At least six of them (Bon Jovi, Ronettes, Oasis, Blink-182, Killers, Nirvana) include a distinct pre-chorus linking verse to chorus and usually producing a build-up to the chorus. ‘Be My Baby’ is a good example where the pre-chorus (“So won’t you say you’re sorry%3E%22%29%20is%20a%20series%20of%20four%20chords%20that%20effectively%20demand%20that%20the%20chorus%20follows.%20%3Cspan%20class%3D%22highlight”>A sense of release follows that, which could also be an explosion. The Oasis section about the “revolution in my head” (‘Don’t Look Back In Anger’) and all of Nirvana’s “hello“s (‘Smells Like Teen Spirit’) do something similar – link and build.
One of them is relatively slow – Oasis take us into “anthem” qualities, in addition to those of choruses in general. Their “singability” resides in their melodic lines: clear melody and chords, climax points, strong descents to the tonic note.
Some of the songs include melodic climbs, so that the tune’s peak is saved for the chorus. ‘Don’t Look Back In Anger’ saves its highest note for the “So” of “So, Sally can wait“, and reaches a climax at “Don’t look back in anger“. Bon Jovi (‘Livin’ On A Prayer’) is a good case where the chorus has the wildly or explosively high notes, after the ruminative verse and pre-chorus.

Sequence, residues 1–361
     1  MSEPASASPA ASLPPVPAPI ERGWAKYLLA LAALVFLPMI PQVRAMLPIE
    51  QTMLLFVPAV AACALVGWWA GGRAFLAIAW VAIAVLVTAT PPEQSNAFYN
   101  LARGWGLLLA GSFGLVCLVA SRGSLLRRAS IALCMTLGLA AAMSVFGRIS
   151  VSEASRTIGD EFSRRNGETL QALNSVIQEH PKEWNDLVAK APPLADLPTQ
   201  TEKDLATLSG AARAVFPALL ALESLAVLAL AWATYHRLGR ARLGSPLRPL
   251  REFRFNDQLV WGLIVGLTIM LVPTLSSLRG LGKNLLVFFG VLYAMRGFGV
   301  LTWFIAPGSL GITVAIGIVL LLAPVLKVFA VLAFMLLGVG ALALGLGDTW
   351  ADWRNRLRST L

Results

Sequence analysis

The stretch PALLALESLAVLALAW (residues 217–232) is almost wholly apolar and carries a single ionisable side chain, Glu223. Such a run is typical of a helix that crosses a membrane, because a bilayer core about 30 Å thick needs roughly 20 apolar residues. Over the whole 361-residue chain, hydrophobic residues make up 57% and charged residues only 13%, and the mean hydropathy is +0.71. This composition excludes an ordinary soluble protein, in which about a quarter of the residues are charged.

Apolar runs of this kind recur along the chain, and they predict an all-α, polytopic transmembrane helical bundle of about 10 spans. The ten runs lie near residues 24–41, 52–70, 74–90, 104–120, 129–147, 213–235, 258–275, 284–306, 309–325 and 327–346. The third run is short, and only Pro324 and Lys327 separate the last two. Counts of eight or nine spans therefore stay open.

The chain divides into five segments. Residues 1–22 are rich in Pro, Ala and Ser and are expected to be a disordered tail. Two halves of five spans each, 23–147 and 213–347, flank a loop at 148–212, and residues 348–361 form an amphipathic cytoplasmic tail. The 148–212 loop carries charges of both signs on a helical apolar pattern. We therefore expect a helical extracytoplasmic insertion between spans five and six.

Finally, something usually happens in the harmony or chords, even if only that they’re different to the verse. Suede’s ‘Animal Nitrate’ is a good example where the chorus (with its lovely chromatic figure in the guitar) benefits by following a verse that’s relatively dull. All that happens there is that a minor key gives way in the chorus to its nearest major key. More dramatic harmonic “explosions” can be found in David Bowie’s ‘Life On Mars’ (at the pre-chorus). Two of the pop hits – ‘Livin’ On A Prayer’ and Starship’s ‘Nothing’s Gonna Stop Us Now’ – have chord explosions later in the track, where they “whack up” the key of the song, Starship by one chromatic step, Bon Jovi a cleverly executed three steps.